Members of the House of Representatives concurred Wednesday with changes to the budget that the Senate made earlier this week. In a statement through her press secretary, Martinez said that budget was unacceptable to her and "would be vetoed in its current form."
The House vote for the budget was 37-33. Nearly all the opposition was from Republicans who focused on only one of the changes the Senate made in the budget it approved on a 42-0 vote.
Senators stripped away money for teacher merit pay, a program the Republican governor wanted. Instead, senators allocated money so teachers at highly rated schools would be paid more if they took reassignments at schools with D and F grades under the state rating system.
During floor debate, Rep. Nate Gentry, R-Albuquerque, said Martinez would veto the bill unless the House tried to work out a compromise to save the merit pay initiative. He urged Democrats to restore that program so they could avoid a veto and the special legislative session that would be needed to rework the budget.
This brought a sharp response from Rep. Georgene Louis, D-Albuquerque. She said House rules made it inappropriate to mention the governor during floor debate, especially with the intent to intimidate or sway votes.
"We need to think independently.
In a statement, Martinez criticized Democrats for the confrontation.
"I'm very disappointed in the lack of compromise by the other party, and by the unbalanced approach to our state budget taken by many lawmakers," she said. "While the Democrats want me to agree to pay increases for government employees and larger subsidies for Hollywood corporations, they have refused to pass meaningful education reforms to improve student achievement, and they have refused to lower taxes to make New Mexico more competitive to help businesses grow and to create more jobs."
Legislators approved a 1 percent increase for most state employees and a 4 percent raise for some in law enforcement. As for the movie and TV production rebates that Martinez referred to, they would not increase overall spending but would allow larger tax credits for long-running television series shot in New Mexico.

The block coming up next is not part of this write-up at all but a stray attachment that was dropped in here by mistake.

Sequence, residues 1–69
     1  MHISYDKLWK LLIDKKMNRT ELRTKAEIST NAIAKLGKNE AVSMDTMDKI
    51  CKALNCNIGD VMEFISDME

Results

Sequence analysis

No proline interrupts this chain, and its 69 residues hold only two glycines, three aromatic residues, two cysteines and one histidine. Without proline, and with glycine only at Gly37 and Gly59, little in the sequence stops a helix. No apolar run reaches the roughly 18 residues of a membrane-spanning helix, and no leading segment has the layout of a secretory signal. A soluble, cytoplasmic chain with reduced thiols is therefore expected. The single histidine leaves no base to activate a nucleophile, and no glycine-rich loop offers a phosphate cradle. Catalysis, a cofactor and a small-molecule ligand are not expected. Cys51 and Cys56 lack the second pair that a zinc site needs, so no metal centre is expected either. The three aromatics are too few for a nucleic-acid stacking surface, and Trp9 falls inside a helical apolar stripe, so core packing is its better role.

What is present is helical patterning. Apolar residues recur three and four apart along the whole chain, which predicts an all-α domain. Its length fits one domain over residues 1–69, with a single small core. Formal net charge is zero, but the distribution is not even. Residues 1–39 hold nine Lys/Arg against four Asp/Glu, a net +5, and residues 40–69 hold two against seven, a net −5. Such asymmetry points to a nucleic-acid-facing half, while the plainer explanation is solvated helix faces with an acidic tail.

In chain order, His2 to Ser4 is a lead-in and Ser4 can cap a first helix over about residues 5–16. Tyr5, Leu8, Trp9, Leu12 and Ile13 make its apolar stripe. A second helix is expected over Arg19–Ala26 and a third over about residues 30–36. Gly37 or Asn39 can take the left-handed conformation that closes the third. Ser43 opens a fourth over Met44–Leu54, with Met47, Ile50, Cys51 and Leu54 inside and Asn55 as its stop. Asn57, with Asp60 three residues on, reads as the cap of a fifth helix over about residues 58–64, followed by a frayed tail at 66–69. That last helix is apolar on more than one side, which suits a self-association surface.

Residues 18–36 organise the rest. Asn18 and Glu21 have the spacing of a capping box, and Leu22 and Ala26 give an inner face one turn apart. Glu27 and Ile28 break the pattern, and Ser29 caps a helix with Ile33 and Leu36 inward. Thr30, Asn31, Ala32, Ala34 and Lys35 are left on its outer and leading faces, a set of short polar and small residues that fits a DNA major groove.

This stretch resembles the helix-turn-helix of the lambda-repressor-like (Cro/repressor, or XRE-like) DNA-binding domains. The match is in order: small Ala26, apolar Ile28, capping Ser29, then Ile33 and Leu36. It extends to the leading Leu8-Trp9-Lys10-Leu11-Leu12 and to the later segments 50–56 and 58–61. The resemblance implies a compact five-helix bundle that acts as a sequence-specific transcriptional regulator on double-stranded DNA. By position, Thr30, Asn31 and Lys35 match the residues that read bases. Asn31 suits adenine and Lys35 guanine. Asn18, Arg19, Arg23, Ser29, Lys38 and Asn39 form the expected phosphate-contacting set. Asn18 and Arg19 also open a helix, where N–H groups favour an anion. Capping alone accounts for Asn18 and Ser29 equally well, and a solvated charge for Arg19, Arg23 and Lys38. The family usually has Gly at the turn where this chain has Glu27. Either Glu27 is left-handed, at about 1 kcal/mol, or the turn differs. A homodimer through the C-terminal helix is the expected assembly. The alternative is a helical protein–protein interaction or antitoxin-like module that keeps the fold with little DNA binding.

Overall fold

In criticizing Democrats, Martinez mentioned a contentious issue that had little to do with the budget.
"They have also refused to pass a bill repealing the law giving driver's licenses to illegal immigrants, despite my repeated attempts at compromise," she said.
Rep. Rick Miera, D-Albuquerque, has said the governor offered no compromise on the driver's license issue — only an interest in having her own way.
During floor debate, Miera said the budget covered more than 200 pages but Republicans were fixated on the small section that dealt with merit pay for teachers.
Miera said the budget was balanced and a work of compromise. The House finance chairman, Rep. Henry "Kiki" Saavedra, D-Albuquerque, agreed with Miera.
Savaadra said the Senate added about $12 million and "mostly what the governor wanted." Public education accounts for nearly half the budget at $2.54 billion.
The most impassioned speech came from Rep. Sheryl Williams Stapleton, D-Albuquerque. She questioned Martinez's motives on merit pay.
"Is this about children and education or is it about trying to make a point?" Stapleton said.
She said Republicans provided no evidence that merit pay for teachers would improve students' performance. The idea of putting strong teachers in low-performing schools was a good one, Stapleton said.
Stapleton also said the governor's focus on merit pay was at odds with the unanimous Senate vote for the budget. All 17 Republican senators agreed to the plan to reward teachers who move to low-performing schools, where Stapleton said they are needed most.
She dismissed the governor's objections as petty.
"You call it what you call it. If I call it what I want to call it, I will make the news tonight," Stapleton said.
Rep. Lucky Varela, D-Santa Fe, said compromise was part of the budget, even if the governor said otherwise.
"I recognize we can't have everything for everyone.... We wanted a budget that would be balanced and where the governor would have some flexibility for tax cuts, he said.
The Republicans' floor leader, Rep. Don Bratton of Hobbs, said New Mexico for 10 years had poured money into the same types of education programs without seeing improvement in student performance.
He said he recognized that "saber rattling" by the governor might be hanging over the House, but still said merit pay should be implemented.
"It disappoints me that we're not willing to try something different," Bratton said.
Rep. Mimi Stewart, a retired teacher, said the Republicans' disparagement of teachers and public schools was misguided.
"Every state gets to pick its own standards-based assessment, and we set the bar high," Stewart, a Bernalillo Democrat, said of how difficult New Mexico's tests are.
The 60-day legislative session ends Saturday. If Martinez vetoes the budget, she would call a special session on that matter and probably driver's licenses too.